Locomotive and wagon technologies vary widely, reflecting the range of goods to be transported (e.g. inter-modal, bulk or carload). They are also influenced by the physical characteristics of the lines and routes over which trains are operated and include ruling gradients, curvature, axle loads and varying adhesion conditions. Train length and weight is also influenced by available passing loops to minimise conflict with other faster traffic.
Freight train speed reflects the need to be able to integrate with other traffic and not create delays through inadequate acceleration and braking capabilities. Higher acceleration rates and cruising speeds require higher installed power and this comes at a cost.
Higher speed trains require higher installed power (~3hp/tonne gross) and this applies to container trains. Multiple locomotives, including locomotives located centrally within a train formation, can and are used in some national railways. Many nations use only single locomotives and this limits train length and weight. The choice of traction technology (diesel electric or straight electric) is largely dictated by the relative extent and inter-connectivity of electrified lines and the relative cost of this traction option compared with alternatives. Electrified operation is emissions free at the point of use.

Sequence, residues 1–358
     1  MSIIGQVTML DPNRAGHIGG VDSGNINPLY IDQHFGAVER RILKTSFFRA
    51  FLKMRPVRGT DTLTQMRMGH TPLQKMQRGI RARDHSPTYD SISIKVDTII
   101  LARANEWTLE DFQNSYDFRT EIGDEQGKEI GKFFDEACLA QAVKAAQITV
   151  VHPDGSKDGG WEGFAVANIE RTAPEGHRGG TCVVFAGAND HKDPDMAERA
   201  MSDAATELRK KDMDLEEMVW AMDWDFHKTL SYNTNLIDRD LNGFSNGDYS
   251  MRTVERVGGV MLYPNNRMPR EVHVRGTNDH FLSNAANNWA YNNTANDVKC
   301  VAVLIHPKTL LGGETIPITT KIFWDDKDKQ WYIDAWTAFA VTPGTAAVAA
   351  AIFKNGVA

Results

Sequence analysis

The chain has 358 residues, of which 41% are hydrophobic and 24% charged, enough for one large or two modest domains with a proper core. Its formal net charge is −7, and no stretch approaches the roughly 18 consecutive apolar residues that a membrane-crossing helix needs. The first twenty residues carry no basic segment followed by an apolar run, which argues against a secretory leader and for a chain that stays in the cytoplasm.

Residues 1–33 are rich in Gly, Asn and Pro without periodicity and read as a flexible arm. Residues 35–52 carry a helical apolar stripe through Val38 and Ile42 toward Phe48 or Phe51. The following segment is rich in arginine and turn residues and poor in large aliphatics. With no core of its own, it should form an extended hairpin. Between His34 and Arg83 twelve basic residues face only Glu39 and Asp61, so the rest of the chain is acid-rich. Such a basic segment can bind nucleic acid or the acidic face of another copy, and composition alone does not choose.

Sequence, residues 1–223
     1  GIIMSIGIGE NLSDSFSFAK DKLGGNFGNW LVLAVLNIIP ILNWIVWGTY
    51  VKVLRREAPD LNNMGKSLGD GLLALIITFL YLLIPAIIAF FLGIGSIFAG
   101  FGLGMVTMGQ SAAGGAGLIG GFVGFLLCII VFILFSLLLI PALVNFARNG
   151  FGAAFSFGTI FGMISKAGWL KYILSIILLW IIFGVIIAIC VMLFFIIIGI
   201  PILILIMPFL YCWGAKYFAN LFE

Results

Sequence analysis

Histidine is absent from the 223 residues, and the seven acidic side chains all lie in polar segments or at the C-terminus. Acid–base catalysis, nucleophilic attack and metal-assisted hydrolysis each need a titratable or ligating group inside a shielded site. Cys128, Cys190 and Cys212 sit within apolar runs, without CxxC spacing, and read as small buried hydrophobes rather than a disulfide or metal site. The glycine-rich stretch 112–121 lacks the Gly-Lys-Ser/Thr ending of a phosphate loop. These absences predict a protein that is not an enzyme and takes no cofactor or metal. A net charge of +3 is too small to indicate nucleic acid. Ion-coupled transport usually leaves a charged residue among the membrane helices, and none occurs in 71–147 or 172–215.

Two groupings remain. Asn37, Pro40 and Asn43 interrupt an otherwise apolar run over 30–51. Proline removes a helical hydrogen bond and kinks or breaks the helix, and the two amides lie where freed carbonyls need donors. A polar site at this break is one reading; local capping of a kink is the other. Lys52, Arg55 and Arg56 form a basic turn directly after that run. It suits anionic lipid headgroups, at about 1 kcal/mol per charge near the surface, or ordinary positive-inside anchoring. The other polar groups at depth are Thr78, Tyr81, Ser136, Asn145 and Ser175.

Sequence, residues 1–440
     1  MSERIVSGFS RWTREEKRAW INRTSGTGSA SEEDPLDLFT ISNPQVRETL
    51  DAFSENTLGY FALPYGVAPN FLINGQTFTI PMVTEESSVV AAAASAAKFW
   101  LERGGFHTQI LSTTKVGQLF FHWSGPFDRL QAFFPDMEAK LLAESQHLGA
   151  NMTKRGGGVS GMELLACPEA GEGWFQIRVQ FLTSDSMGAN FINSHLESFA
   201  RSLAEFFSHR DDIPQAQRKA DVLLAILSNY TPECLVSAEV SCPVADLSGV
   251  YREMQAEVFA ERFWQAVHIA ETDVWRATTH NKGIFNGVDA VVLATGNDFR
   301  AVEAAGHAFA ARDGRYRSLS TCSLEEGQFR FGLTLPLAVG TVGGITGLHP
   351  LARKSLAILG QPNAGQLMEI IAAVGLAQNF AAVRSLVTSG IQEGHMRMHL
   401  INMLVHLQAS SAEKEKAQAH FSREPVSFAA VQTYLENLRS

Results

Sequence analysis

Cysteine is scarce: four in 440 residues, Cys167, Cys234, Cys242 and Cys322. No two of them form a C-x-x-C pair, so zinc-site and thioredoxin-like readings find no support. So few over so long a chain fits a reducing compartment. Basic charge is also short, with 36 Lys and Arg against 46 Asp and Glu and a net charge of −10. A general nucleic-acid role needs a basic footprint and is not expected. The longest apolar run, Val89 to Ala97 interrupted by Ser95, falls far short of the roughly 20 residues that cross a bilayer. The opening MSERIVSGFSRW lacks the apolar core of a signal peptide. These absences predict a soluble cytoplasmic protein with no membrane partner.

Diesel locomotives are limited in terms of maximum power by the energy conversion capabilities of the engine/prime mover and related electric transmission system. Electric traction can draw large amounts of power through the catenary and regenerate in braking mode. Diesel traction cannot do this. Traction assets may be owned by the host railway or leased through deals with banks and manufacturers. Lease deals covering maintenance, operation, fuelling and crews have been developed.
Wagons also come in a mixture of designs and capabilities. Many are commodity specific (oil tankers, bulk aggregates, car carriers) and have specific features require to handle particular traffic commodities.
Wagons are key assets and need to be kept in active revenue generation (i.e. kept moving) as much as possible with minimal down time and related servicing and maintenance. Many wagons are in effect dumb assets with limited or no self-awareness of their technical and commercial/operational condition. This needs to be addressed to drive up asset productivity. Wagon utilization needs to be well planned to minimise dead time between commercial applications.
Container wagons can and do vary in size, weight, length and capability. Simple flat cars able to accommodate a mix of container sizes have been supplemented and in some cases replaced by specialist wagons able to accommodate high cube containers. Some wagons operate in semi-permanently couple sets. The use of twin stack container carrying wagons in North America has made rail much more competitive by effectively doubling the train payload per unit length of the train. This was a major boost to productivity but needed to be supported by adequate terminal handling capabilities, cargo priority planning and links to local trucking for last mile deliveries.